Feeding Venezuelans Digitally: The Capabilities of Cryptocurrency

By Anya Tang


The internet has long been capable of uniting users to tackle common challenges. For example, users of Reddit, a social media and news site, were able to raise $80,000 almost overnight to construct a fence for an African orphanage. And once more, it is thanks to technology that an emerging issue is being addressed -- Venezuela is in dire need of assistance, and cryptocurrencies are the key to solving the situation.

Venezuela’s government is collapsing, and their citizens are following suit. Children starve on the streets, and their currency is so hyperinflated, not even thieves want it. Venezuelans are paying for their meals using trash bags filled to the brim with Bolivars. In response, President Maduro has vowed to turn around this humanitarian crisis primarily through the implementation of their own cryptocurrency, the oil-backed ‘Petro’. Except, with the government controlling all mining, and the centralized nature of the Petro, it isn’t really a cryptocurrency. The Initial Coin Offer (ICO) is little more than a glorified, governmental GoFundMe -- how could cryptocurrencies possibly help Venezuela in any way?

Similarly to Zimbabwe, Venezuela is facing an extreme inflation issue. However, Venezuela’s fate may be slightly different. (Source: Adam Selwood, Flickr)

It turns out that the Petro is not the best approach to aiding Venezuelans. However, the Nano Community has managed to overcome the traditional roadblocks of foreign aid. Through a project coordinated by David Hay, several cryptocurrencies -- the Nano Community in particular being a prominent example -- have dedicated their efforts to helping feed an entire community in Venezuela. To better understand how this happens, and why the Venezuelan Petro didn’t quite have the same effect, we’ll take a look at the two primary focal points in Venezuela’s situation: the contradiction of centralized cryptocurrency, and the unconventional approach to conventional foreign aid in an increasingly interconnected world.

The decentralization of cryptocurrencies like Bitcoin are why they work so well in comparison to the centralized cryptocurrency Venezuela is trying to implement. The Petro will only cause more problems rather than solving them. As the world’s first state-issued ‘cryptocurrency’, the Petro is oil-backed, and only purchasable through the government. Already, issues are apparent. A little more digging reveals that the Petro isn’t even a functioning cryptocurrency, nor does it vaguely resemble a currency in any shape, way, or form.

The Venezuelan Petro is designed to evade sanctions through its ICO, and simply cannot support its citizens in the way that the Nano community is doing so. The Petros can only be bought with Dollars rather than Bolivars, making them extremely difficult to acquire. Not only that, but they can only be used to pay taxes. Which essentially defeats any sort of purpose the Petro might even begin to hold. Venezuelans might as well be trading Monopoly money at this point.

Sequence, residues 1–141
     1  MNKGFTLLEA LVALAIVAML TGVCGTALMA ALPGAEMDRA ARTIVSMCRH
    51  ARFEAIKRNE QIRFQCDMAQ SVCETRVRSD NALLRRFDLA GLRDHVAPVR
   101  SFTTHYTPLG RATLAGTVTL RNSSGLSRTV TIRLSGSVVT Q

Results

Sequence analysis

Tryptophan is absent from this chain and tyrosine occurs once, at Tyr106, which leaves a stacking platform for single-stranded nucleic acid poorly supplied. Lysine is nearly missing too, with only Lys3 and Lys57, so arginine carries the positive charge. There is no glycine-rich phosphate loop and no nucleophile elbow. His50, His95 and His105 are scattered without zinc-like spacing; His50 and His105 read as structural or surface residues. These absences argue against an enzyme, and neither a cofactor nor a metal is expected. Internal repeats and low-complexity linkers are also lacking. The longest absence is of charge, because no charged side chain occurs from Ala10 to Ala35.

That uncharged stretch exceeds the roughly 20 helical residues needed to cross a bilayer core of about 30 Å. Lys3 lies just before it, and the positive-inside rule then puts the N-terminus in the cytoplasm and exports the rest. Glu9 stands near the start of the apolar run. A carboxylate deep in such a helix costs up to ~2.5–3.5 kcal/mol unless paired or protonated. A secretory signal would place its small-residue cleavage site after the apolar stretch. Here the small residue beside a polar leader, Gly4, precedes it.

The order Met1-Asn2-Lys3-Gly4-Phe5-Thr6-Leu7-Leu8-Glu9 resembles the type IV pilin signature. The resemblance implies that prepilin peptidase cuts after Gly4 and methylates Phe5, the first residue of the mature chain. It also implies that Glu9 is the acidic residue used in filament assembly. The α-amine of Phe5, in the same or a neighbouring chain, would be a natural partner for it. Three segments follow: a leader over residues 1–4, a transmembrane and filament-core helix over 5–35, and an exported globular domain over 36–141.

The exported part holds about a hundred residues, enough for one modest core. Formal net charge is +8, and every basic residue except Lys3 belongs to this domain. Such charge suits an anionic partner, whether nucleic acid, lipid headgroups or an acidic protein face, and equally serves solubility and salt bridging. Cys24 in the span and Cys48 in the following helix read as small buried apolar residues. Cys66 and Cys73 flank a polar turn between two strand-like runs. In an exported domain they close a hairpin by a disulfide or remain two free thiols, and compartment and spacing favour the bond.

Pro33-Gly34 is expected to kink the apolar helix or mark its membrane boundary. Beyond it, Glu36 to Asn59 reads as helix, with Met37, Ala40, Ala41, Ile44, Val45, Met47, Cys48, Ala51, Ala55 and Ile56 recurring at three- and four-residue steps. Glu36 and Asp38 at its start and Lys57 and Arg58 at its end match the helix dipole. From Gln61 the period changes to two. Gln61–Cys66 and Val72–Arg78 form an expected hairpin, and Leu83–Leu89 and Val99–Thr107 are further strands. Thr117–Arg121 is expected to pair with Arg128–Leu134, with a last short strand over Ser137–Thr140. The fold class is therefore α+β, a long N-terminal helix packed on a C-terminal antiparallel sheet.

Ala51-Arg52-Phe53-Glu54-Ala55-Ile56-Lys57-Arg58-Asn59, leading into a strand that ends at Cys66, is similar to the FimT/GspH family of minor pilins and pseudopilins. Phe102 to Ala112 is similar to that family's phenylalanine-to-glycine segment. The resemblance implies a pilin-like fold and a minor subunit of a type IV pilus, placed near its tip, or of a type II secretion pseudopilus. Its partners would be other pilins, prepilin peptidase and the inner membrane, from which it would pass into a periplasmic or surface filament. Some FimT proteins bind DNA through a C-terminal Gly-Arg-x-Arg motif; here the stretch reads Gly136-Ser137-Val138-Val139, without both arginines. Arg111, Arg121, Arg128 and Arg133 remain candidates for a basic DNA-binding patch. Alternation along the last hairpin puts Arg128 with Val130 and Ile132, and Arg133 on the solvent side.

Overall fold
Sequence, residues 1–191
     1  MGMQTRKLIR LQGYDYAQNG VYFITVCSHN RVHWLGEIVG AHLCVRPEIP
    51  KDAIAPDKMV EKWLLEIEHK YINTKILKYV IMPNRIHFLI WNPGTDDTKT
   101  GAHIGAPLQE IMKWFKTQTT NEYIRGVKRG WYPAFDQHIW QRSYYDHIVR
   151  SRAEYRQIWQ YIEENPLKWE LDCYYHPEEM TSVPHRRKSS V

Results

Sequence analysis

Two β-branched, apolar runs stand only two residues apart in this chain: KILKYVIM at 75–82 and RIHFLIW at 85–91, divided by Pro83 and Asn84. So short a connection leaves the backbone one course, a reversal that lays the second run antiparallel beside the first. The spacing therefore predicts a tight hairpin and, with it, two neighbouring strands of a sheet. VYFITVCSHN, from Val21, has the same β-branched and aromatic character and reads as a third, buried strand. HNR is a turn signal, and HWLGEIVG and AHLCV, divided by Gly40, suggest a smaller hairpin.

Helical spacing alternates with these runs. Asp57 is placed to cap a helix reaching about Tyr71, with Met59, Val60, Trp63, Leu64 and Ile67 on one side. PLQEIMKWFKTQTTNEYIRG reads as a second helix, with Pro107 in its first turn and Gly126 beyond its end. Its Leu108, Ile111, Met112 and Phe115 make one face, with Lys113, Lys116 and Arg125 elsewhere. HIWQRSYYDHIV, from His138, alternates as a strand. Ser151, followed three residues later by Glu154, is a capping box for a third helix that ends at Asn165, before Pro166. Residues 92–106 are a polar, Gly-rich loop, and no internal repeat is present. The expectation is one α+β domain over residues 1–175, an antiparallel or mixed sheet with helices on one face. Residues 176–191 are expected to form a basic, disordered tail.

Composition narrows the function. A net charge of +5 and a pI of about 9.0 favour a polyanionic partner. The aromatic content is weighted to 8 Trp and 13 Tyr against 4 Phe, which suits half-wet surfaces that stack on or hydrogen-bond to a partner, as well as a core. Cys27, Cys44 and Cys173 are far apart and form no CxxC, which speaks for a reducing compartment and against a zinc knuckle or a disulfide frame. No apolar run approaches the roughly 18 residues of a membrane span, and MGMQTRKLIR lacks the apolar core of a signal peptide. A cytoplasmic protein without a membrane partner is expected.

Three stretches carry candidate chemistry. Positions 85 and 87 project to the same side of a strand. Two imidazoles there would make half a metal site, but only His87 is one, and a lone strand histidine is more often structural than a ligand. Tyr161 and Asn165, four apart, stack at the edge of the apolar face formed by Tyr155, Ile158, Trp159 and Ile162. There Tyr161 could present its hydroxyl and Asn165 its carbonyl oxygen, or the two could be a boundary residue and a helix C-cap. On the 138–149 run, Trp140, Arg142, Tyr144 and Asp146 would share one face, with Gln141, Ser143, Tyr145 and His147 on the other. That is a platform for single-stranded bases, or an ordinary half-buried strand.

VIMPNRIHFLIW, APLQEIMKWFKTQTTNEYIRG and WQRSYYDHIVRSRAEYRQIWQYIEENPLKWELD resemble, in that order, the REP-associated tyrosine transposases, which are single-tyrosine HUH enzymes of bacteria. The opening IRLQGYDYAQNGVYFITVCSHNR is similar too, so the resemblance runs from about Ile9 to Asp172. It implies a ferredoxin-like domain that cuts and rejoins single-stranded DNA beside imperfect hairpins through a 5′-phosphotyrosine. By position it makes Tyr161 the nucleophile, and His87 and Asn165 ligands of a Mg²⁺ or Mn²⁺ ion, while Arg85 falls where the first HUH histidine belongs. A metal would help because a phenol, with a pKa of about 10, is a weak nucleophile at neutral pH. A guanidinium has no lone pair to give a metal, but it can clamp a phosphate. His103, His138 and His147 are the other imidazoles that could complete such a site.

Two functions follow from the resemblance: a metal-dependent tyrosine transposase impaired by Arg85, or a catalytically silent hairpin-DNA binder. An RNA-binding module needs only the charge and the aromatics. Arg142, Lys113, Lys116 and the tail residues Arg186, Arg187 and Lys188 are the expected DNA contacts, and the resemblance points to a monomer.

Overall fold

The Petro isn’t even ‘oil-backed’ -- the government decides the value of the Petro depending on how they calculate the value of their oil. Essentially, you’re banking the worth of the Petro on a government infamous for its corruption and unreliability. (Source: Mike Eaves, Flickr)

So, if the Petro can’t feed these families, who can? David Hay’s project has managed to do that, and so much more. By integrating Venezuelan citizens into the world of cryptocurrency, foreign aid suddenly becomes easier to access -- and, much like Redditor u/surfer1978 put it, “Someone sent the guy 0.5 Nano and he received 0.5 Nano instantly, nothing less.” The instantaneous nature of Nano and its zero-fee transaction methods make it prime for foreign aid. Traditional methods of foreign aid have long been flawed and difficult to enforce, with Nobel Prize winner Angus Deaton pointing out that aid is capable of keeping bad governments in power. With misspent foreign aid, the resources often end up going to the wealthy or the government, and only further widens the wealth gap in the countries that need help the most.

However, the decentralized nature of cryptocurrencies and their instantaneous transferral methods make them the perfect resource to help Venezuela. David Hay, the founder of the project himself, noted in his vlog about feeding Venezuelan communities, “The one thing I kept hearing again and again from people was that they don’t want handouts. They want solutions. They want progress.” And this solution started with Reddit user ‘Windows7733’.

A Venezuelan citizen, Windows7733 received a month’s salary worth of cryptocurrency -- a meager donation to Americans, but something capable of so much more to him. The user then went on to work with the Nano Community in order to raise more funds, and spread the word. They ended up raising around $600 to help Windows7733, and with just $80, he was able to buy 102 kilograms of food. By gradually incorporating the use of Nano into the Venezuelan economy, hundreds upon thousands of lives could be transformed in the same way that Reddit helped Windows7733.

Windows7733 posted to Reddit, “NANO could change their lifes [sic] and I will help them to know and use NANO. This is already improving and chaging [sic] their lifes [sic] for better!” Instantaneous. Immediate. Completely free of corruption. Cryptocurrencies -- and education -- are reflective of how technology has made it so much easier for people all around to world to help each other. By connecting the world digitally, solutions come to us in real life. The Venezuelan people cannot rely on their own government to provide them with a solution, and so the Internet is stepping in. Armed with the resources to feed his community, Windows7733 declared, “This morning someone came to my house and asked me for food and of course I gave them some kgs. Her face was pure joy.”